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Gurbakhsh Singh Kala Afghana: An Adi Granth Purist


The Sikh Times, Jul. 10, 2004


In the years that followed Martin Luther's excommunication on January 3, 1521, Luther's anti-establishment ideas caught fire and mushroomed into what became the Protestant Reformation movement within Christianity.1

A number of progressive Sikhs, particularly among the diaspora2, are hopeful that Gurbakhsh Singh Kala Afghana's excommunication, announced by the Akal Takht (the supreme Sikh temporal authority, analogous to the Vatican) one year ago today, will spark a similar reform campaign within Sikhism.


Kala Afghana has devoted the past twenty (or so) years of his life, since retiring from Punjab's police force, to dispelling the ritual and mythology that has gradually contaminated Sikhism over the years since its pristine birth in 1469.

He believes Sikhism, like Buddhism and Jainism, would have been absorbed into Hinduism were it not for the unambiguous and consistent delineation of Sikh theology provided by Sikhism's primary scripture, the Adi Granth. In an interview with The Sikh Times, Kala Afghana stated that his only rahit maryaada (code of conduct) is the Adi Granth. He confirmed that he doesn't believe in the official Sikh Rahit Maryaada, approved by the Shiromani Gurdwara Parbandhak Committee (S.G.P.C.), an elected body responsible for managing India's major gurdwaras.

His most influential work is the multi-volume epic titled Biparan Kii Riit Ton Sach Daa Maarag (From the Practice of Ritual to the Path of Truth). The series expounds in great detail on the astonishing number of rituals and mythologies that have gained currency in contemporary Sikhism. This essay highlights the primary themes.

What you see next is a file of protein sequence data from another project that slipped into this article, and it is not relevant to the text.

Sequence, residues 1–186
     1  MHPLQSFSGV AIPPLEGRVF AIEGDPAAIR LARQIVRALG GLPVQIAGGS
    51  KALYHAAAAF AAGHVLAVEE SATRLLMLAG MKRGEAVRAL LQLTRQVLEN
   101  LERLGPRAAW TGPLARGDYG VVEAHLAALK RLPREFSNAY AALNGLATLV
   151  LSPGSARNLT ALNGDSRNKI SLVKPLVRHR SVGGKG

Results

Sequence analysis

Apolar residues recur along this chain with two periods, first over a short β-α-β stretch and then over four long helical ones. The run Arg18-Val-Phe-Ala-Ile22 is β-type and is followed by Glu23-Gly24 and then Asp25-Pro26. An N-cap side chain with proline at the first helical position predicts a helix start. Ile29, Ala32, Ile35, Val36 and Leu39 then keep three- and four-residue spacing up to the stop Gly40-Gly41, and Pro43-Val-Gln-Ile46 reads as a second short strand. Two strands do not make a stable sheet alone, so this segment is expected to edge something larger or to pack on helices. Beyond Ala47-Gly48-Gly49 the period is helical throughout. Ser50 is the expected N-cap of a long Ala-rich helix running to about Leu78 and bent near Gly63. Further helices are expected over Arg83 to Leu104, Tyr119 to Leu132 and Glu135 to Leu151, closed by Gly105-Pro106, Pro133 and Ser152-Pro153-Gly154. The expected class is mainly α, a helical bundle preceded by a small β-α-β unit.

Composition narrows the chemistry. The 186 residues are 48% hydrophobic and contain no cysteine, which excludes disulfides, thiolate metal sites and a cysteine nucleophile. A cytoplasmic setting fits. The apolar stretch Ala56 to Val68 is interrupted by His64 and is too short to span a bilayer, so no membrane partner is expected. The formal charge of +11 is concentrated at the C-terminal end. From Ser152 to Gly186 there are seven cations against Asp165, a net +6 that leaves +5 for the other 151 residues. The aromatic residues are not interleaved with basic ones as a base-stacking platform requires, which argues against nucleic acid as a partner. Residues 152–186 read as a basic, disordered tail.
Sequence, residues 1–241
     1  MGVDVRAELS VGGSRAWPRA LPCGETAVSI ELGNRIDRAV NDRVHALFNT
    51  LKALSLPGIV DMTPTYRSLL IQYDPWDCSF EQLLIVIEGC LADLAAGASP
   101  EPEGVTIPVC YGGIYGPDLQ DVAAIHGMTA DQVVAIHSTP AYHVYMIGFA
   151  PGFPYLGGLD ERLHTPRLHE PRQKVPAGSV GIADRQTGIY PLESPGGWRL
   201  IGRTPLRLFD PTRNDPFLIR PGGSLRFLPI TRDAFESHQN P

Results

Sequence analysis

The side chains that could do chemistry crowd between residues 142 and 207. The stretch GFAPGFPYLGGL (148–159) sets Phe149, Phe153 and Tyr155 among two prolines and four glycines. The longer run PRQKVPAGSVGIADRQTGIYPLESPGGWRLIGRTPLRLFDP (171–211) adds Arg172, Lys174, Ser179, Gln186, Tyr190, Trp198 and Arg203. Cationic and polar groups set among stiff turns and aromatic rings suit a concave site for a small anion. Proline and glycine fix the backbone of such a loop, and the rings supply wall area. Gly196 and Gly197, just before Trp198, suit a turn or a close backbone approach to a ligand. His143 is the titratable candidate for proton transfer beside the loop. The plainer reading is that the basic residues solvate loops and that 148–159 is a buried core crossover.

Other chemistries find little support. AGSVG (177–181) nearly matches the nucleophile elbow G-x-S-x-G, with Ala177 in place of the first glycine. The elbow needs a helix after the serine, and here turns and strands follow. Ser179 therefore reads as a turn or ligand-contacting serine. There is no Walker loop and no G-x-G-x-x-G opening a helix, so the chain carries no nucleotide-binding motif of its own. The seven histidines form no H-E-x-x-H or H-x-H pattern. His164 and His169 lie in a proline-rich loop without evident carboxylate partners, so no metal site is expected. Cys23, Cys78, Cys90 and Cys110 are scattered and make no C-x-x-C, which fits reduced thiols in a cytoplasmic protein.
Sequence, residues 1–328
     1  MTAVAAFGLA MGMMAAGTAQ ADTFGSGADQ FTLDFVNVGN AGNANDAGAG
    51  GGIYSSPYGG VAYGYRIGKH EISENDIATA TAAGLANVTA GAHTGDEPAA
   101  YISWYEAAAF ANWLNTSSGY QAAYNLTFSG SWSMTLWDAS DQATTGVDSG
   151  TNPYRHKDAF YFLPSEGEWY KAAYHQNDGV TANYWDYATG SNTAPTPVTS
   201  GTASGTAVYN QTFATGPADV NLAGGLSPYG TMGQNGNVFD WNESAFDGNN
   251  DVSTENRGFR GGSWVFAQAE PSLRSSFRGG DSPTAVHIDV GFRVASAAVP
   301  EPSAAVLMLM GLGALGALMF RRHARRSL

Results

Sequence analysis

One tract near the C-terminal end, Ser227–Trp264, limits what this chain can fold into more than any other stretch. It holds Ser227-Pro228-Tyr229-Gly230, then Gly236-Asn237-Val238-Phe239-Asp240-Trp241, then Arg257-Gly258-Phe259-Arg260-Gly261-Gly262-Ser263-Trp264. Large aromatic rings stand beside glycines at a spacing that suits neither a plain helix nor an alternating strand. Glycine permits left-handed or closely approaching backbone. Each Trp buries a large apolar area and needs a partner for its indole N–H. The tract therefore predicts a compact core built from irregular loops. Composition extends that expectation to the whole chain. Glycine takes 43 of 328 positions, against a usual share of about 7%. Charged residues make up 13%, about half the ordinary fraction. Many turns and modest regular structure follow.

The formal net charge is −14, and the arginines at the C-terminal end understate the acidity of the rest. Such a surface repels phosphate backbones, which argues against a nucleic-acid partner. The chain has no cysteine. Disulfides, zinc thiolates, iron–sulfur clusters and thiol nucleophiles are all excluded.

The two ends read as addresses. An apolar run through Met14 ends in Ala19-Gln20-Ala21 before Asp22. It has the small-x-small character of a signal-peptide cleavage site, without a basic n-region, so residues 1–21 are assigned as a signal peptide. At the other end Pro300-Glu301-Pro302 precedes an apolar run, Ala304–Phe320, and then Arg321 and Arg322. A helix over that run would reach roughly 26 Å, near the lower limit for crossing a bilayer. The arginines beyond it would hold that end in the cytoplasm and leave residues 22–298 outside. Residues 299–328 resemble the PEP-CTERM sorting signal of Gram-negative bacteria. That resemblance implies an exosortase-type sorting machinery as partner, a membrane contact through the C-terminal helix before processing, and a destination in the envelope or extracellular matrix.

Amrit Sanskaar

The fifth volume in the series lays out the Vancouver-based author's controversial views on amrit (sweetened baptismal initiation water). Although twice-baptized3 himself and a strict observer of the amrit-dhari (orthodox) form required of baptized Sikhs, he raises several compelling questions regarding the origin and state of amrit sanskaar, Sikhism's institution for initiation into the orthodox4, 5 Khalsa order.

When Sikhism's tenth Guru (preceptor), Gobind Singh, announced an end to the line of personal human Gurus, he awarded Guru status jointly to the Adi Granth (or Guru Granth, a book of spiritual hymns) and the Guru Panth (the collective will of the Sikh community). Therefore, Kala Afghana contends that only the hymns contained within the Adi Granth ought to be read during the baptism ceremony.

In it's current state, however, the initiation ceremony consists of the reading of five hymns, of which three (Jaap, Ten Savaiyaas, and Benatii Chaupaii) are from the Dasam Granth and only two (Jap and Anand) are from the Adi Granth.6 The Dasam Granth is a body of work of disputed authorship, traditionally attributed, in whole or part, to Guru Gobind Singh.

Traditionalists claim that Guru Gobind Singh read from the Dasam Granth during the pioneering baptism ceremony performed during the 1699 founding of the Khalsa. In rebutting such claims, Kala Afghana reasons that if Guru Gobind Singh wished to elevate the Dasam Granth to the position of Guru, he would have done so by including it into the Adi Granth.

Dasam Granth

Whereas the Adi Granth consistently stresses its patently religious message of liberation through meditation on the divine Name, the Dasam Granth, in contrast, consists primarily of legends from the Hindu Puraanas and anecdotes that have little to do with religious belief.7, 8 It is, therefore, difficult to accept the contents of the Dasam Granth as either sacred or scripture.9 As one scholar put it, the 'Sikh Rahit Maryaada illustrates the general ambivalence toward the Dasam Granth by omitting all reference to it.'10

According to Kala Afghana, reading hymns from the Dasam Granth during the baptism ceremony is tantamount to according Guru status to the Dasam Granth. His challenge to the current incarnation of the institution of amrit sanskaar is rooted in a strict refusal to treat the Dasam Granth as sacred scripture. He insists that by not doing so explicitly, Guru Gobind Singh sought to draw a clear distinction between the two, a distinction that appears to be lost on those who insist on treating it as scripture.